April 8, 2015

Micelle “packets” deliver cancer drugs

Vanderbilt researchers designed micelle “packets” to selectively deliver anti-cancer drugs to breast cancer cells.

by Barbara O’Brien

Small interfering RNA (siRNA) molecules can suppress tumor growth and target cells otherwise untreatable by conventional therapeutics, but targeted, intracellular delivery is a significant limitation to siRNA translation.

To deliver the siRNA molecules into tumor cells, researchers have packaged them in micelles that express folic acid, which is internalized by cancer cells that overexpress folate receptors. A problem with this approach is that normal healthy tissue can also have a high expression of folate receptors, resulting in off-target effects.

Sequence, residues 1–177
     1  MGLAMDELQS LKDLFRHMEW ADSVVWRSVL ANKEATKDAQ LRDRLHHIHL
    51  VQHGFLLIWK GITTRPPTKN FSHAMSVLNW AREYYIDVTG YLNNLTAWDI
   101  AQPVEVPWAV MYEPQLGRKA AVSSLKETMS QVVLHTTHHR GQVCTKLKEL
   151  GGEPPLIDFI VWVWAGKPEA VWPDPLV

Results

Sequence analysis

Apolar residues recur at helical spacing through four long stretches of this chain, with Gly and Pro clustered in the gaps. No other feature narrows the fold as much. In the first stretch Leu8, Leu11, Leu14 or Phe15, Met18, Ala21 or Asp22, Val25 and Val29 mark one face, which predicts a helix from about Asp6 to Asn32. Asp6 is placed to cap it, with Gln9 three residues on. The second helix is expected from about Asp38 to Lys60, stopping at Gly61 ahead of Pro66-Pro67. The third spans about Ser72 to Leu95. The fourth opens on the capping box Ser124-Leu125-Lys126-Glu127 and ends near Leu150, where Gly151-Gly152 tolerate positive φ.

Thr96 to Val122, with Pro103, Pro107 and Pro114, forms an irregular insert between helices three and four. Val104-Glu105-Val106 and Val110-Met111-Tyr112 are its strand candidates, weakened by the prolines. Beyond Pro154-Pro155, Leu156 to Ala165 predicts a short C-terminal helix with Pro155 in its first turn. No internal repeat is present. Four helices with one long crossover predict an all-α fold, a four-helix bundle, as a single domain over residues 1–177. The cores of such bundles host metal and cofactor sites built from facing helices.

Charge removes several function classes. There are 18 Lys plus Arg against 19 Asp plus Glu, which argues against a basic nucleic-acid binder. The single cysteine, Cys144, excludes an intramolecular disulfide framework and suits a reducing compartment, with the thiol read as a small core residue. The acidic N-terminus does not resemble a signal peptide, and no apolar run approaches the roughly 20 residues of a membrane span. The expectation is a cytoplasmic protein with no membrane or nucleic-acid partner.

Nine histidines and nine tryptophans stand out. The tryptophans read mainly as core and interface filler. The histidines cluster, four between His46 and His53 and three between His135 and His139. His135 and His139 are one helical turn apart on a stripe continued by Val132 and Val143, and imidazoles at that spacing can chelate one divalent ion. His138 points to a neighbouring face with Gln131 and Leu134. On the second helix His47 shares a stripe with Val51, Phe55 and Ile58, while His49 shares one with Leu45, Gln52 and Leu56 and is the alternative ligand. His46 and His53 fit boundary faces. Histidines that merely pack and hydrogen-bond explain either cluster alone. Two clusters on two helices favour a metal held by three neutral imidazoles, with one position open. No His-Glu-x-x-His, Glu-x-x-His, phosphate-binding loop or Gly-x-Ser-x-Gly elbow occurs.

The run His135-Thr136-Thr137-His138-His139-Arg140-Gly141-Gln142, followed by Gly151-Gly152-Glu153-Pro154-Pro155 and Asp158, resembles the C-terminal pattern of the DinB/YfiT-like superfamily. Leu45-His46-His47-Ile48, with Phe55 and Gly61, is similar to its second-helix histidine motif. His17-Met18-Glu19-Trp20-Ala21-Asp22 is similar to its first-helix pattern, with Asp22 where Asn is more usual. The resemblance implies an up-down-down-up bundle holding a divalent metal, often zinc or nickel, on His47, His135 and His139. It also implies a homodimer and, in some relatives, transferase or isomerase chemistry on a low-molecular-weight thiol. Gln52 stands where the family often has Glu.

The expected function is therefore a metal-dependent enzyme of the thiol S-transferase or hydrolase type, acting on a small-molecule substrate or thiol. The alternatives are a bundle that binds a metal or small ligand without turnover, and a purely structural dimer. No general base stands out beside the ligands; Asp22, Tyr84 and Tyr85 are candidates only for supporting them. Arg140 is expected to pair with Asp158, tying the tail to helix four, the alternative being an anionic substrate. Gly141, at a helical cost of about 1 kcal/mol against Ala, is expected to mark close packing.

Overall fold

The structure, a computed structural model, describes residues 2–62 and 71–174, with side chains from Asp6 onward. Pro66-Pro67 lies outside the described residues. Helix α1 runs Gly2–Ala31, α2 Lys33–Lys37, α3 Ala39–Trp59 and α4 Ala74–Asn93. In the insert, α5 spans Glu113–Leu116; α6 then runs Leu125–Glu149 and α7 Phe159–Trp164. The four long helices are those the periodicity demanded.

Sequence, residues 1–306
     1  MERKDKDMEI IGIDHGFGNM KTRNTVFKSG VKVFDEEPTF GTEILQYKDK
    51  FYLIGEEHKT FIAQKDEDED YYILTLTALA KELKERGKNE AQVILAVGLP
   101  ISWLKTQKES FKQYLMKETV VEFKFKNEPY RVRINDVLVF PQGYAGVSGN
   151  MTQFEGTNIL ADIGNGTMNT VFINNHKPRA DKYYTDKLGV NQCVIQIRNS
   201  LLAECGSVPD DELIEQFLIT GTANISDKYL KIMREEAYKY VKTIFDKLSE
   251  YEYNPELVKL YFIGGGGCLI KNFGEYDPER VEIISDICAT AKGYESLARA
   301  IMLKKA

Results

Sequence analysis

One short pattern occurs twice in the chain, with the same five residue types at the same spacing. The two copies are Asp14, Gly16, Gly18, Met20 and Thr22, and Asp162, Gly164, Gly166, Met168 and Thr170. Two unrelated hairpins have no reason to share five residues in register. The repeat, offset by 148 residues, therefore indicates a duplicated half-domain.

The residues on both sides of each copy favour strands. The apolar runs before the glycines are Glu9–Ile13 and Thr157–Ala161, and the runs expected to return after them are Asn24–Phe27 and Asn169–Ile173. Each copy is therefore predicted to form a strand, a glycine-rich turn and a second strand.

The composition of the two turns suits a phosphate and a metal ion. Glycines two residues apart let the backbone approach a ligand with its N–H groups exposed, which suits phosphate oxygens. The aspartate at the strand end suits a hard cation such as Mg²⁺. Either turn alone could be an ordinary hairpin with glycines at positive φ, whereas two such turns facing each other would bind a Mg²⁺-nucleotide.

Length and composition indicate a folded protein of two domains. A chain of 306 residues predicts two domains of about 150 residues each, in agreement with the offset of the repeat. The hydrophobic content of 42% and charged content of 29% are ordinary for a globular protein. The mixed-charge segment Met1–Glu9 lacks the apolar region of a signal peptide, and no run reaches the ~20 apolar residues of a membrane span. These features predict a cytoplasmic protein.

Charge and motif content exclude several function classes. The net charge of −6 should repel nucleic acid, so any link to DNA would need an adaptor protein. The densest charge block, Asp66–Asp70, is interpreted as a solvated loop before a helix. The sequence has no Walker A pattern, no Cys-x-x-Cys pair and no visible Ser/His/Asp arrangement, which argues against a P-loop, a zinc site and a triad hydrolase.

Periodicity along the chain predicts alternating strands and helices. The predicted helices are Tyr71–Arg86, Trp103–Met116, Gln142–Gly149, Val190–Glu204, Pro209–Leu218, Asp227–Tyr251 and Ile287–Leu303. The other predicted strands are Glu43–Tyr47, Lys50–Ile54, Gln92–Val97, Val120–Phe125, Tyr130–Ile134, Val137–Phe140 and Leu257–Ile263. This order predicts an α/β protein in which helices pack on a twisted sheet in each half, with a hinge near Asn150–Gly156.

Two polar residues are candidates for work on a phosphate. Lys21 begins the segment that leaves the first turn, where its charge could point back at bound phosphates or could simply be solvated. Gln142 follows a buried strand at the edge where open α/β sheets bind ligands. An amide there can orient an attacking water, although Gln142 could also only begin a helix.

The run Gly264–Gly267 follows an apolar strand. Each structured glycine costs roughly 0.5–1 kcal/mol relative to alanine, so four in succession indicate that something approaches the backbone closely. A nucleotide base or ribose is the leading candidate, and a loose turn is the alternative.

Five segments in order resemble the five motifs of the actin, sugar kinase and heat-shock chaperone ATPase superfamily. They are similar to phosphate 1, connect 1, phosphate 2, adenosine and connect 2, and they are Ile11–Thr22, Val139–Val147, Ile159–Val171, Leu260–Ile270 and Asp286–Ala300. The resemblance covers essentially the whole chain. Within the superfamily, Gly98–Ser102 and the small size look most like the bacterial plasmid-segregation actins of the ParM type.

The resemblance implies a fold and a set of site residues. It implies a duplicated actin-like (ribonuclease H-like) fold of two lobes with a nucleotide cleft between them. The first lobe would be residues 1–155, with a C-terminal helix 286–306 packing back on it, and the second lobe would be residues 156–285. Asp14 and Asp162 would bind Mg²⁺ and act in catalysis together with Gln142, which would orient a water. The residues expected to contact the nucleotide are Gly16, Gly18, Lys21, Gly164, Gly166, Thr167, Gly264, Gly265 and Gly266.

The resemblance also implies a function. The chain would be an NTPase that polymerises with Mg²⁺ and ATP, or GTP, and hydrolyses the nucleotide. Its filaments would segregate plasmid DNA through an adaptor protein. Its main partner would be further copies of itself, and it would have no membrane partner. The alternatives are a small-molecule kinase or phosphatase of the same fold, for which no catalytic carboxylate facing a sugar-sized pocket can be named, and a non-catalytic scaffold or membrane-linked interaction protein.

To increase specificity, Craig Duvall, Ph.D., Todd Giorgio, Ph.D., and colleagues utilized an additional hallmark of breast cancer – elevated matrix metalloproteinase (MMP) – to create mixed micelles that have an outer layer of matrix metalloproteinase-7 (MMP7) cleavable peptide. Thus, only in an MMP-rich environment will the MMP7 be cleaved to expose the folic acid and deliver the therapeutic siRNA.

In a study published recently in Biomacromolecules, the researchers show that their new design has better target specificity and protein expression knockdown in breast cancer cells.

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